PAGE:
Thank you for all your efforts on World Hepatitis Day!
Today, 28 July, is World Hepatitis Day, a momentous occasion for all of us to come together to raise awareness, demand action in disease prevention and access to testing,treatment and care, and transform the lives of the 325 million people living with the illness.
From lobbying governments and organising events to raising awareness online and through the media and participating in the #ShowYourFace campaign, every action is an action towards elimination.
It’s not too late to get involved!
Take a #ShowYourFace selfie: Help to put a human face to elimination of viral hepatitis by sharing your #ShowYourFace selfie. Take a selfie and add your own personal I AM statement here.
Share graphics on social media: Help to raise awareness by sharing infographics and social media graphics based on the WHO Global Hepatitis Report, 2017 on social media.
Watch ‘We Are NOhep’ documentary: Check out NOhep’s first global documentary that shows the tireless efforts activists, policymakers, patients and professionals from across the world are making to save lives and eliminate hepatitis by 2030.
Tell us about your activities: Send us photos and videos from your events and tell us how you’re celebrating WHD. We’ll be sharing an evaluation form soon but feel free to send us all info now!
Today NOhep launches its first-ever global documentary showcasing the key activities people, governments and professionals are taking to eliminate viral hepatitis. Watch the documentary here.
We’d love for you to distribute it as wide as possible via your website, social media and at events. If you’d like to translate it, please get in touch at connect@NOhep.org.
Thank you to each and every one of you for efforts to mark World Hepatitis Day and help to eliminate hepatitis.
Today, the National Viral Hepatitis Roundtable (NVHR) joins our partners in the United States and around the globe in recognizing World Hepatitis Day. This day allows us to remember those we’ve lost and to recommit ourselves to fighting on behalf of the 325 million people worldwide living with hepatitis B and C and those at risk for infection.
The recent report by the National Academies of Sciences, Engineering, and Medicine has created much hope and energy focused on eliminating the public health threat of hepatitis B and C in the United States by 2030. NVHR expects the United States, with its significant resources, to lead the global elimination effort. To do so, however, will require a commitment to communities that are often poorly served and under attack in this country, including immigrants, communities of color, people who use drugs, veterans, and people in the criminal justice system. We have an opportunity right now to show these communities that we value their lives and health and we are approaching the movement to eliminate hepatitis not only as a broad public health campaign but as a conscious effort to help end health inequities in this country.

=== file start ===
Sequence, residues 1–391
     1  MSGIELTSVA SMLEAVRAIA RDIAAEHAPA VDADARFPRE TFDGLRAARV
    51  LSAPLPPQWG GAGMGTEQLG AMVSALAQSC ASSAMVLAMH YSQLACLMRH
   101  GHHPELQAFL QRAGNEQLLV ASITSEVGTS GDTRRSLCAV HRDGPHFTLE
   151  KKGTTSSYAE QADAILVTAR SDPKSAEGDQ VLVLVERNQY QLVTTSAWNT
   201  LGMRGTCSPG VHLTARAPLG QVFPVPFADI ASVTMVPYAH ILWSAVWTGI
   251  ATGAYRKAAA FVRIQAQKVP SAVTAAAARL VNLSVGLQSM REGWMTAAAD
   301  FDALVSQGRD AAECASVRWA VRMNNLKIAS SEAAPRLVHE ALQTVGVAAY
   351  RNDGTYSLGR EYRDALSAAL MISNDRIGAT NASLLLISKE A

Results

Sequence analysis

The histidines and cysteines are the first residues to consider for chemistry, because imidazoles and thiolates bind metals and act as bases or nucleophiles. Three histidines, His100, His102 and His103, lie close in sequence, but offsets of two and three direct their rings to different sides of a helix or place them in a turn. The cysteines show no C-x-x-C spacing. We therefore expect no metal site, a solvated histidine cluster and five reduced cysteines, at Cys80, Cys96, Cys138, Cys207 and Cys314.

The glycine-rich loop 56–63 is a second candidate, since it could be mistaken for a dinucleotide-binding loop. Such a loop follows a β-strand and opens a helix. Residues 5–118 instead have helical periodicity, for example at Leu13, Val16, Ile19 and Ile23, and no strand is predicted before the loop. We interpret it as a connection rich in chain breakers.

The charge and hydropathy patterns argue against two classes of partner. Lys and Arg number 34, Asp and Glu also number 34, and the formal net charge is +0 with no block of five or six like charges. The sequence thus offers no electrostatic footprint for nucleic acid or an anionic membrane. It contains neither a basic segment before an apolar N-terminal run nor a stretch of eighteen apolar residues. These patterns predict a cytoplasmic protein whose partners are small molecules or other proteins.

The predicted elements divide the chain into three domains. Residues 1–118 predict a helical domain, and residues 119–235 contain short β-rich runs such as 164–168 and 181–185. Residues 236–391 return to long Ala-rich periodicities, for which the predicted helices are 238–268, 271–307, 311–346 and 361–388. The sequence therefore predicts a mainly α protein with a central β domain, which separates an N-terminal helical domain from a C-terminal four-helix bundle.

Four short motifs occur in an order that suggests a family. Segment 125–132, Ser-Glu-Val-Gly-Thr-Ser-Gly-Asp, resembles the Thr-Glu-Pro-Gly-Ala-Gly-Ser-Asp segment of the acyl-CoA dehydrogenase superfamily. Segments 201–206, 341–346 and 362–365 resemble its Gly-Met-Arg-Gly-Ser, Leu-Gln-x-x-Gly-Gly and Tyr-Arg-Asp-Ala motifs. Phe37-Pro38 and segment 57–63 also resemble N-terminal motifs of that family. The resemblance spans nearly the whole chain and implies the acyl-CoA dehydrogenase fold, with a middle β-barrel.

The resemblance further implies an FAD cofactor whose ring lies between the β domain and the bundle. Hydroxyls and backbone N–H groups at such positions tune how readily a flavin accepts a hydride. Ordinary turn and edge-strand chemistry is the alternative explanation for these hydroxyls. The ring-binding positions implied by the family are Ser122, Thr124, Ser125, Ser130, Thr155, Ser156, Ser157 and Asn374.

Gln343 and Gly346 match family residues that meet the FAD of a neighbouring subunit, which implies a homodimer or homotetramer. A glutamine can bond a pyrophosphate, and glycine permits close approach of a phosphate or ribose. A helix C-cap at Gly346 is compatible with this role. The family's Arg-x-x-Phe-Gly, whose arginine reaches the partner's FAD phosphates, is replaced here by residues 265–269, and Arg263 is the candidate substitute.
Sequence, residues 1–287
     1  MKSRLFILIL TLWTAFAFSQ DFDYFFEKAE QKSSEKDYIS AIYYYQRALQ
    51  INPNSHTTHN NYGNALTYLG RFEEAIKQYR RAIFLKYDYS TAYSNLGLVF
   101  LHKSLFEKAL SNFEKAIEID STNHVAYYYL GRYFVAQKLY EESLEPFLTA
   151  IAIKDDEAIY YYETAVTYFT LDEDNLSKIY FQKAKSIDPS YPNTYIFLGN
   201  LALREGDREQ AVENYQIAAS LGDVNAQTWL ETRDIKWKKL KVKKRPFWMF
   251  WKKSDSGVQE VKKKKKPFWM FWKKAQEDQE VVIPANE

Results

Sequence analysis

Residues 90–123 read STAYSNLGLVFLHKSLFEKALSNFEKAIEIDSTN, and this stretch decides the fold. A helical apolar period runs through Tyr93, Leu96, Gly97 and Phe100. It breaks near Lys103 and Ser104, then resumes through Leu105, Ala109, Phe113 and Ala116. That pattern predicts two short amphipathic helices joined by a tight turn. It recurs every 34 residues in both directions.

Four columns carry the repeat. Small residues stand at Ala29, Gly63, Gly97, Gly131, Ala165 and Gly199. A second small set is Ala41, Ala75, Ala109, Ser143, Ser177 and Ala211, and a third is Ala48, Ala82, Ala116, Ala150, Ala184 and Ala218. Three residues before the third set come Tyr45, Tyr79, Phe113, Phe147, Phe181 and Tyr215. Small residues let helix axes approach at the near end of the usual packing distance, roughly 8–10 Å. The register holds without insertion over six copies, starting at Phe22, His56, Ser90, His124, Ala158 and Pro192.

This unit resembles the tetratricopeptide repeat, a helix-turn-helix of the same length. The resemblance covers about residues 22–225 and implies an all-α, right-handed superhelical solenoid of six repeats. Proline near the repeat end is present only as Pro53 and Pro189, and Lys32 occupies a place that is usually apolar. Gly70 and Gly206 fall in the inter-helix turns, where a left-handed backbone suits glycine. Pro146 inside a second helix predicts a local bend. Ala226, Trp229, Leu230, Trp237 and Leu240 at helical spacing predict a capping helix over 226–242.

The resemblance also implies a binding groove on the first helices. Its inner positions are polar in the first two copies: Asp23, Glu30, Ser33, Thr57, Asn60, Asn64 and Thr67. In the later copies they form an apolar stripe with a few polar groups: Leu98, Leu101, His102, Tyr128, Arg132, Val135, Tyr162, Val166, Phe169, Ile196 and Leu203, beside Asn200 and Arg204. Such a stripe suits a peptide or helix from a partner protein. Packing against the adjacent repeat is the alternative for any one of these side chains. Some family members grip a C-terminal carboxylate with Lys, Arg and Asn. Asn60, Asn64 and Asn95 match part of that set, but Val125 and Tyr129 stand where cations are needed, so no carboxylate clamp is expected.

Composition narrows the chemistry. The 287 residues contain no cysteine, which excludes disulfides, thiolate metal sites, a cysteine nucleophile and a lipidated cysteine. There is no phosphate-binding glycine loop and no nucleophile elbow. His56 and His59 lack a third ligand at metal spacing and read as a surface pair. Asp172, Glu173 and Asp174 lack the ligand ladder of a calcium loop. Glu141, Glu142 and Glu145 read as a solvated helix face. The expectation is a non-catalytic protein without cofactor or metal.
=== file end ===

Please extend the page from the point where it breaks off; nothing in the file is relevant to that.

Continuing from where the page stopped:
Sadly, the current political environment is impacting our ability to protect what we’ve gained in the fight against viral hepatitis, let alone mount an elimination campaign. The health care safety net that is the foundation for elimination is under grave threat. We must do everything we can to protect and improve access to quality, affordable health care. Also, many communities most impacted by hepatitis B and hepatitis C have been under relentless attack in this environment. Policies and rhetoric that further racial injustice, take away immigrants’ rights and health care, impose discriminatory restrictions to hepatitis C treatment access, and fail to address the opioid crisis from a humane and a public health perspective all directly impact people with hepatitis B and C.
NVHR encourages you to take a few minutes on this important day and urge your Members of Congress to take action on behalf of people living with and at risk for hepatitis B and C. Tell them to:
Support funding for the Division of Viral Hepatitis at Centers for Disease Control and Prevention at a minimum of $70 million in the Fiscal Year 2018 appropriations bill.
Work in a bipartisan manner to increase access to quality, affordable health care, particularly in the Medicaid program.
Working together, we will achieve the goal of eliminating hepatitis B and C. Thank you for all you do to end the suffering caused by viral hepatitis.
The Global Effort Starts at Home – Tomorrow July 28th is World Hepatitis Day!
World Hepatitis Day (WHD) is tomorrow July 28th and there are many ways you can join in the global fight against hepatitis B and C. This year’s theme is Eliminate Hepatitis, it will take efforts from ALL sectors—federal and nonfederal, local and national, private and public—to begin to make progress toward elimination of hepatitis B and C. In addition to getting information from www.hhs.gov/hepatitis and downloading our National Viral Hepatitis Action Plan, 2017-2020 (PDF), check out these resources you can use to get involved—on World Hepatitis Day and beyond.